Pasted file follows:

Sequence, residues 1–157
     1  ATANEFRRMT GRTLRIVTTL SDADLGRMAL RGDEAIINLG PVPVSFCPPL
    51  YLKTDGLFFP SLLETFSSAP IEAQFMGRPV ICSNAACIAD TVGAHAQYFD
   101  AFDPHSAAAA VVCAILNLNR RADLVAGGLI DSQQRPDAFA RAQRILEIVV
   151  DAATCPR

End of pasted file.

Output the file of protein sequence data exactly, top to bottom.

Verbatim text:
Sequence, residues 1–157
     1  ATANEFRRMT GRTLRIVTTL SDADLGRMAL RGDEAIINLG PVPVSFCPPL
    51  YLKTDGLFFP SLLETFSSAP IEAQFMGRPV ICSNAACIAD TVGAHAQYFD
   101  AFDPHSAAAA VVCAILNLNR RADLVAGGLI DSQQRPDAFA RAQRILEIVV
   151  DAATCPR